As part of the Rossendale 60’s Festival, and an element of The Whitaker’s ‘Whitstock’ experience, author Steve Millward will be giving a presentation based on his book ‘Changing Times: Music and Politics in 1964’.
He will be looking specifically at 1964, when the swinging sixties really began. Youth culture dominated the media and the spirit of optimism was ubiquitous. Yet there were also darker forces at work which proved to be equally significant for the future. Changing Times presents a clear and detailed picture of the many personalities, events and trends that made this year so remarkable. The escalation of the Vietnam War, elections in the USA and the UK, the struggle for civil rights and the imprisonment of Nelson Mandela are just some of the topics covered. Author Steve Millward makes the connections between music and politics and links them to the wider world of art, film, fashion, sport, science and technology. He also goes beyond the UK and America, covering developments in Africa and the Caribbean. Throughout his presentation and book, the focus remains upon the music – pop, rock, folk, soul, jazz, classical – which so consistently reached new heights of quality and innovation, the repercussions of which are still being felt today. Steve covers music recorded and released in 1964, as well as earlier recordings which had an impact that year. The most notable instance is The Beatles’ ‘I Want To Hold Your Hand’, recorded in October ’63, which spearheaded the band’s breakthrough in the USA in 1964. He also celebrates the work of lesser-known but hugely influential figures such as Bert Berns, Eric Dolphy and Phil Ochs. The originality and insight contained in this book will appeal to intelligent readers of all ages and interests, in particular those with an interest in music history and politics. Steve draws inspiration from a number of authors, including Greil Marcus, Peter Guralnick, Susan Douglas, Alex Ross and Jonathon Green.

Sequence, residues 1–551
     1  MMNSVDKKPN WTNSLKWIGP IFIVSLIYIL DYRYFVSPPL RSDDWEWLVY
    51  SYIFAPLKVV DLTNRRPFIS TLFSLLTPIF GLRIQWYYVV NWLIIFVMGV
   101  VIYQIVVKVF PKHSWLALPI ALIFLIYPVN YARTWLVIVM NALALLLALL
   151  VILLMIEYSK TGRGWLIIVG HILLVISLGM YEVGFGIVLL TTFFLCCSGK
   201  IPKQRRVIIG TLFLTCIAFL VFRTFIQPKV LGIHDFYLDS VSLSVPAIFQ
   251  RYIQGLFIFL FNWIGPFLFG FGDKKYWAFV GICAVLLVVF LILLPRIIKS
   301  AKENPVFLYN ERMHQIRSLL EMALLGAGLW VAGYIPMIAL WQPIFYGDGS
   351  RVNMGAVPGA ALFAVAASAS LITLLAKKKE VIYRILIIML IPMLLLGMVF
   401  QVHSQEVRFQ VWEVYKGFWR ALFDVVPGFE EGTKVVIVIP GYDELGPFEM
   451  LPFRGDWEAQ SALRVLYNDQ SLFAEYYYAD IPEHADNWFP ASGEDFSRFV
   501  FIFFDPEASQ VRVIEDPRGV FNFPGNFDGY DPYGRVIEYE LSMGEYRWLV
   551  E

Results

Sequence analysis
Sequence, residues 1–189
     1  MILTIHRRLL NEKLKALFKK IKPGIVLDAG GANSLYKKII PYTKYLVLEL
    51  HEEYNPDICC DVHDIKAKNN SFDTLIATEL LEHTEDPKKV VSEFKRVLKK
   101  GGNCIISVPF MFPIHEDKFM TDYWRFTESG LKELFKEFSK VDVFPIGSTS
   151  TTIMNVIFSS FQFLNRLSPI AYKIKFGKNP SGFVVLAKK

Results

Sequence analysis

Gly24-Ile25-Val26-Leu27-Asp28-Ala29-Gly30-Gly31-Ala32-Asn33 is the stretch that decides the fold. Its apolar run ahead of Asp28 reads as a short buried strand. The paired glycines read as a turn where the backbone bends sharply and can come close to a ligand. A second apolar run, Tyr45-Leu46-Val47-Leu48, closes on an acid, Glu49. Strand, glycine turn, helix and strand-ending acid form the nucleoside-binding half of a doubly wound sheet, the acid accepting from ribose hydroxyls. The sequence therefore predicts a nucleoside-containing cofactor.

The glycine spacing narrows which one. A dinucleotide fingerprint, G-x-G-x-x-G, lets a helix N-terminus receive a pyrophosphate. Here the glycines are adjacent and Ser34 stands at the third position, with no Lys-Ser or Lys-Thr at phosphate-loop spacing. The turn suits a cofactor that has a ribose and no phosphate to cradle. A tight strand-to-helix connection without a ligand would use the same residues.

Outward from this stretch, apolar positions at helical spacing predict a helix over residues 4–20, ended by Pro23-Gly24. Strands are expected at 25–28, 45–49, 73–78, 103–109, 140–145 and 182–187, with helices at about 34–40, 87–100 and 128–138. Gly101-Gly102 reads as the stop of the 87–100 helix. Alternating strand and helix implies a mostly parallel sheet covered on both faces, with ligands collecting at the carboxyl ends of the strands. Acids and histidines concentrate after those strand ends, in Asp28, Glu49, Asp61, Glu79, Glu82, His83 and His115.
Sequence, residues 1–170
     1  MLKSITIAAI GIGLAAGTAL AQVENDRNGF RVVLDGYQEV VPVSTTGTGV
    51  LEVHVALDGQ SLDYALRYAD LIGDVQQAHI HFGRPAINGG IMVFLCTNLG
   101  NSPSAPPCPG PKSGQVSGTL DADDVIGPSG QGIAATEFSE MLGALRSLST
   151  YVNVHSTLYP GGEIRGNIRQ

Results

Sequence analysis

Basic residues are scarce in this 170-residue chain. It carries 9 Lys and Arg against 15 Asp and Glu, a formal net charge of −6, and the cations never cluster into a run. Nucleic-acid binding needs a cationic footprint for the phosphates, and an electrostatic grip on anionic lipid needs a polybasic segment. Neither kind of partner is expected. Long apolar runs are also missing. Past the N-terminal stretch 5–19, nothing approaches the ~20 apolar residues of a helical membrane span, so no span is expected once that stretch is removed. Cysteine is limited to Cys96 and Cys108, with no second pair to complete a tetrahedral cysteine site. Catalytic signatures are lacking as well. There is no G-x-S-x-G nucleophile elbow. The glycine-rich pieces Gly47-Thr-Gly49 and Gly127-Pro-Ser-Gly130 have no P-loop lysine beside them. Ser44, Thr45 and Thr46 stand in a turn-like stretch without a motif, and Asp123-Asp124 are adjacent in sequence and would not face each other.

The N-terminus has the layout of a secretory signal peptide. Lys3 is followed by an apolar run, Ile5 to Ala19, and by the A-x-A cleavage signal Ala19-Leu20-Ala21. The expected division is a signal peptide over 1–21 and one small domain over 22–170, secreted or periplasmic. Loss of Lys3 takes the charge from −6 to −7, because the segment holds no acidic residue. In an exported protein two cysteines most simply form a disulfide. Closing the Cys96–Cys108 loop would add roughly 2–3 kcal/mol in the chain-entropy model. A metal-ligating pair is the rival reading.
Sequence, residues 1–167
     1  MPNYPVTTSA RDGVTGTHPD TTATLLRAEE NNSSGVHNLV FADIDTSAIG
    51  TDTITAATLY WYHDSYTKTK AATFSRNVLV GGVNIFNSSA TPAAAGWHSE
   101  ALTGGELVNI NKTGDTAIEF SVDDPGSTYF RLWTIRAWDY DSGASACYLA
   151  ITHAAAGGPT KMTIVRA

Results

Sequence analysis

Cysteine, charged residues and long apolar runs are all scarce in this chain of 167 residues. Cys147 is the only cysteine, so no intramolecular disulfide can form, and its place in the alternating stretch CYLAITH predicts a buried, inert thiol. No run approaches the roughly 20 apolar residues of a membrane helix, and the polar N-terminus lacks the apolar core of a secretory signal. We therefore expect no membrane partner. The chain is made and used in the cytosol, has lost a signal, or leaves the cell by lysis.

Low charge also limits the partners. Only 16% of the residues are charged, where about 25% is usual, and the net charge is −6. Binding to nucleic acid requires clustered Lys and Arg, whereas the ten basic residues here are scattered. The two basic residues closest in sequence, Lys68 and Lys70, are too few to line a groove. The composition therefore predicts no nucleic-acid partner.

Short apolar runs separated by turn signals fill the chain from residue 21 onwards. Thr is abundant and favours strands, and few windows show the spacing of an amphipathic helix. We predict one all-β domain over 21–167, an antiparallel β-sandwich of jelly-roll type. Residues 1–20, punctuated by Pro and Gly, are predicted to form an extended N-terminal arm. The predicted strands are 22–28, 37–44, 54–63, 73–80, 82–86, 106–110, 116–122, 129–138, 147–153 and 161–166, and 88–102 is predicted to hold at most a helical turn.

Steve will also be offering his book during the Festival at a special price of just £5